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Iodine deficiency during pregnancy results in lower IQ scores

At a Glance: According to a new study published in Lancet, children born to mothers with low iodine levels during pregnancy are more likely to have mental impairment and lower IQ scores.

Iodine is an essential mineral that plays a vital role in the normal function of thyroid hormones. During pregnancy, the requirement for dietary iodine is significantly increased to fulfill the necessary requirement of thyroid hormone action for normal fetal development. During the first half of pregnancy, the fetal thyroid is not fully active and is almost completely dependent on the maternal supply of thyroid hormones.

In the developed world, severe iodine deficiencies are no longer common. However, dietary iodine intakes have been slowly declining and many experts are concerned that even mild deficiencies may result in negative health consequences.

In a recent study published in Lancet, researchers assessed whether mild iodine deficiency during pregnancy was correlated with a detrimental effect on child cognitive development.

Participants in this study included 1,040 mother-child pairs from the Avon Longitudinal Study of Parents and Children (ALSPAC). Researchers collected and measured urinary iodine content of the women during the first trimester of pregnancy, which revealed that two-thirds of the women had levels below that recommended by the World Health Organization (WHO). The association between maternal iodine status and child IQ at age 8 years and reading ability at age 9 years was analyzed. Another 21 socioeconomic, parental and child factors were also included in the assessment.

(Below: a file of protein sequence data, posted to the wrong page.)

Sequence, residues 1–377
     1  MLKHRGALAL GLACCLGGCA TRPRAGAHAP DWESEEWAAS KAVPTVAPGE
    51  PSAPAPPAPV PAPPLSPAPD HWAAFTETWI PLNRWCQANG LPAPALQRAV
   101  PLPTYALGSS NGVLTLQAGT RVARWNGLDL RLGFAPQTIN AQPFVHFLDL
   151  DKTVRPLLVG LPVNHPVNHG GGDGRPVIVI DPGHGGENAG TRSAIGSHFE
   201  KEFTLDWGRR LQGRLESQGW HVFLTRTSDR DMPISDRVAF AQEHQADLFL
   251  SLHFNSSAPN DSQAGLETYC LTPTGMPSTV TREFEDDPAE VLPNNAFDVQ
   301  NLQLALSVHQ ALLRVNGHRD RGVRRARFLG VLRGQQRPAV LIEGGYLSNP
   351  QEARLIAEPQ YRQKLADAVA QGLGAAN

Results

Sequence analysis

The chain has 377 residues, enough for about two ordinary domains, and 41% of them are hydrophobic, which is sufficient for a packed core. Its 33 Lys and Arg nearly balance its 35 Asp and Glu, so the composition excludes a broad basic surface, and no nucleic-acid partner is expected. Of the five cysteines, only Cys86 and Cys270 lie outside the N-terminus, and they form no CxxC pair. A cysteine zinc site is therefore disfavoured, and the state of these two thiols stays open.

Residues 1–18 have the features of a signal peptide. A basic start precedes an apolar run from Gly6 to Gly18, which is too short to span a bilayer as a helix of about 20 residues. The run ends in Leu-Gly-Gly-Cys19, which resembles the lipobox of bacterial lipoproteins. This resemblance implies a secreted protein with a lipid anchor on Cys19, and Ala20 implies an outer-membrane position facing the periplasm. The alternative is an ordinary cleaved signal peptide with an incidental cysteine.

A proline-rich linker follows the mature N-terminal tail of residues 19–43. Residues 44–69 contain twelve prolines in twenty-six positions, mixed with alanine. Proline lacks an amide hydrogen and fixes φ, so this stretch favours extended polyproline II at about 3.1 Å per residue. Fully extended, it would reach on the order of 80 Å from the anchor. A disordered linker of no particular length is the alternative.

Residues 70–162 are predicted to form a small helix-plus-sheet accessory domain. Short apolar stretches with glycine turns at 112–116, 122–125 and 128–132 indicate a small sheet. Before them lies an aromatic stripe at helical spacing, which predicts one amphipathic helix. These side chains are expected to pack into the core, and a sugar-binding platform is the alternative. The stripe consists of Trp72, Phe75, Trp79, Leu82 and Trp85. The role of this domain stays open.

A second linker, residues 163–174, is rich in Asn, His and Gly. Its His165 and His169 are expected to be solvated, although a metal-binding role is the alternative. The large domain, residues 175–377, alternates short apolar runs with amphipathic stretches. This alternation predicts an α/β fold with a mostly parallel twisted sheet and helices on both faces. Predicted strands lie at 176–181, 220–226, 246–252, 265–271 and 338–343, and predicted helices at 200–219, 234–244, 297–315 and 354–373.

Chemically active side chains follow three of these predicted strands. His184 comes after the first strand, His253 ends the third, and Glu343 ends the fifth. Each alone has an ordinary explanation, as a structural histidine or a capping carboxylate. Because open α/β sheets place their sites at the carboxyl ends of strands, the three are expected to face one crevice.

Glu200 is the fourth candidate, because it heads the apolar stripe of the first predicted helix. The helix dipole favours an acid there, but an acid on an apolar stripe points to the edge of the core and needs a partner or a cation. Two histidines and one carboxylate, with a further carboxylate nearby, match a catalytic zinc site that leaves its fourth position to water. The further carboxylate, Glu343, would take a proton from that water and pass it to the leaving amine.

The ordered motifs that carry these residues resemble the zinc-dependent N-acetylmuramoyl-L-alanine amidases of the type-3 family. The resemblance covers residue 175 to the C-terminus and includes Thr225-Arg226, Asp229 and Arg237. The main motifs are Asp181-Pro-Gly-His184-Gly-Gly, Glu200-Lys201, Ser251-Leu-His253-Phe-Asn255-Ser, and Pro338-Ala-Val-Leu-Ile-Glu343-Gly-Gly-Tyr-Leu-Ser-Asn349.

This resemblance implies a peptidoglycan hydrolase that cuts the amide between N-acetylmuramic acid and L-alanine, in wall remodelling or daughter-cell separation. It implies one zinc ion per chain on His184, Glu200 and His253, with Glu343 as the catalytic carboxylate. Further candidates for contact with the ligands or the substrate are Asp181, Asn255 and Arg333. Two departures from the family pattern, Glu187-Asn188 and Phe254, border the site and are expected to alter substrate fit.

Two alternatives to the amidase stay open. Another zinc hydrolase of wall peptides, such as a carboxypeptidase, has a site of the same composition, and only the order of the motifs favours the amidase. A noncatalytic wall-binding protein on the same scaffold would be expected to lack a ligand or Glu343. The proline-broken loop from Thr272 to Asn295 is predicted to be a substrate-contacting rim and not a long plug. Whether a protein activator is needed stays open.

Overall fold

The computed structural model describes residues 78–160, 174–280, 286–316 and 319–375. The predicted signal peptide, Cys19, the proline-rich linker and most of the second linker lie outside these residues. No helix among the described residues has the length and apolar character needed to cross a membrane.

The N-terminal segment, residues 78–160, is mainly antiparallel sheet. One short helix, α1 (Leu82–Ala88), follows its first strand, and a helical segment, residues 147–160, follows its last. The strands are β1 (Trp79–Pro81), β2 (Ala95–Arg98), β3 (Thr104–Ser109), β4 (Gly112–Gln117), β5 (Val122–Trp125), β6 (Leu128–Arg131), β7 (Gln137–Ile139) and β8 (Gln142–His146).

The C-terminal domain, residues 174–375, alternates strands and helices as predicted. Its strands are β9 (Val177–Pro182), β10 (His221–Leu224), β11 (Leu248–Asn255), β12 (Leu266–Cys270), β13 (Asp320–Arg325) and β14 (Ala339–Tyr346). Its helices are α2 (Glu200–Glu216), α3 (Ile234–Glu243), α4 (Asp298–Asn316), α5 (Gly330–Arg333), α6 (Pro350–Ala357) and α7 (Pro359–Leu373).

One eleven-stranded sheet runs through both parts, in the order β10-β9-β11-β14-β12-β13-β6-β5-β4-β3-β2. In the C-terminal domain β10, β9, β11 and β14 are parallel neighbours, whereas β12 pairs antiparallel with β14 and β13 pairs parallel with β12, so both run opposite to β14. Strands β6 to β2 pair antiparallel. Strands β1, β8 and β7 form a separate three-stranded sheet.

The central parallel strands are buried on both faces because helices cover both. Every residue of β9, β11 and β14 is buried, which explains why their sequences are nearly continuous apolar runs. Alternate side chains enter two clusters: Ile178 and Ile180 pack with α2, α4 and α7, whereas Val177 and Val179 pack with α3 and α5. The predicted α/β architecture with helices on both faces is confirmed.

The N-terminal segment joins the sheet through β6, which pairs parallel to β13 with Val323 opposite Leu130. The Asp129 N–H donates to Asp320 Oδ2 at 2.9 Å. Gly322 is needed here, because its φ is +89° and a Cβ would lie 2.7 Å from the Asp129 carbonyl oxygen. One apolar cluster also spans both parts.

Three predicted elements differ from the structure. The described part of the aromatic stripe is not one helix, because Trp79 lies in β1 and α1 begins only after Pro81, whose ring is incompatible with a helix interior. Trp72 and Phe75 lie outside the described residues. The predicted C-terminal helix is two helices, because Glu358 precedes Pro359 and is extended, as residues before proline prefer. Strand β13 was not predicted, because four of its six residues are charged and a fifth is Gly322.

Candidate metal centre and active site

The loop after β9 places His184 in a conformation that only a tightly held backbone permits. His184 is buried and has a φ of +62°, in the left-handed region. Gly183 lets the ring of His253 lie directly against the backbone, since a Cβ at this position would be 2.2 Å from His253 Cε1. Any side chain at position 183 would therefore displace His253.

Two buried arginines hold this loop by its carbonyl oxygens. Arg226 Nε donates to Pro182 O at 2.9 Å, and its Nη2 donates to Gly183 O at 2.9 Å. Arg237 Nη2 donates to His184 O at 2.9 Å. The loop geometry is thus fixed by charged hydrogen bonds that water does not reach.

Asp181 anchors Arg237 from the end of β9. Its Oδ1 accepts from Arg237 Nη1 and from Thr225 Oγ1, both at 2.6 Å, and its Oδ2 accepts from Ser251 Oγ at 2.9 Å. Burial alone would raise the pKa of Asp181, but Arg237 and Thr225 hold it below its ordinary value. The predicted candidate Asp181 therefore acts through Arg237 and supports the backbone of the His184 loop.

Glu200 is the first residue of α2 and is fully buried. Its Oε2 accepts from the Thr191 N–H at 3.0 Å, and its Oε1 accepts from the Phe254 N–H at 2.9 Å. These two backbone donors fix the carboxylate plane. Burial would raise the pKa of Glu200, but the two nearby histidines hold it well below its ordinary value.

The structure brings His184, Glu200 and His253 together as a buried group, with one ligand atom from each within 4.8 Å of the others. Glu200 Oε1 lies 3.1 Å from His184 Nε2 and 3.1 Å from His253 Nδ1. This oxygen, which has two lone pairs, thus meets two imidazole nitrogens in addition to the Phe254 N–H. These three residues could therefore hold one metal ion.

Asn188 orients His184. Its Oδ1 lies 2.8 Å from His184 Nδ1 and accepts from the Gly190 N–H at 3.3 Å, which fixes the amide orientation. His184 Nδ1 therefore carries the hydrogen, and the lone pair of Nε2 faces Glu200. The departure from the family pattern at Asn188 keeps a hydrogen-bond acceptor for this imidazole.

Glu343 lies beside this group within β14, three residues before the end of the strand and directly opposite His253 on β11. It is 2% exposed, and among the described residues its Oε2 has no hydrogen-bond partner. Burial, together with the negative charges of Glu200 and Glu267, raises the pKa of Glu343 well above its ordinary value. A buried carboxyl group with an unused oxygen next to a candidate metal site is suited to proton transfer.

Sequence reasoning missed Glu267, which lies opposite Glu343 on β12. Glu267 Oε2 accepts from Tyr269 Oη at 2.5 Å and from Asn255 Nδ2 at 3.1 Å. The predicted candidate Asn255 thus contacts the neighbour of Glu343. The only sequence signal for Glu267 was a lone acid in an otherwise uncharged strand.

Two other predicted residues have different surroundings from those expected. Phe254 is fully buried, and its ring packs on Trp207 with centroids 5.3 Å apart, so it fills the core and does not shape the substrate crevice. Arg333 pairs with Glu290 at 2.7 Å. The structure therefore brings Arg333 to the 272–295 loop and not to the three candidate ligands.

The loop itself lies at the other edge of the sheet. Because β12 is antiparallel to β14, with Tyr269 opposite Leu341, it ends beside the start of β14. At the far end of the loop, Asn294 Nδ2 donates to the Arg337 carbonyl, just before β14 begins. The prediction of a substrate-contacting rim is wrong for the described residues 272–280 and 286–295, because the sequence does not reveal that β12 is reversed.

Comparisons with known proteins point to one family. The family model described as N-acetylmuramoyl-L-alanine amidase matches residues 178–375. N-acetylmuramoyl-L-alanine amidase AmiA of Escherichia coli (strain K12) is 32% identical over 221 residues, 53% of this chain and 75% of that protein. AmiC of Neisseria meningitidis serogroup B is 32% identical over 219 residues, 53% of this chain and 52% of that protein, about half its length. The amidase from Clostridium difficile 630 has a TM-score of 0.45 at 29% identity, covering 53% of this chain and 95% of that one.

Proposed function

Children of women with low iodine were 60% more likely to have scores in the lowest 25% for verbal IQ, reading accuracy, and reading comprehension than children from mothers with higher iodine levels. When the group with low iodine was further subdivided, it was determined that the lower the mother's iodine level, the more likely their children's scores were to be in the lowest group.

This study shows that even mild iodine deficiency is a preventable cause of mental impairment in children. In order to prevent fetal iodine deficiency, an intake of at least 200-300 mcg/day of iodine before, throughout pregnancy and during lactation should be encouraged.

Bath SC et al. Effect of inadequate iodine status in UK pregnant women on cognitive outcomes in their children: results from the Avon Longitudinal Study of Parents and Children (ALSPAC). Lancet. 2013 May 21. pii: S0140-6736(13)60436-5. doi: 10.1016/S0140-6736(13)60436-5. [Epub ahead of print]


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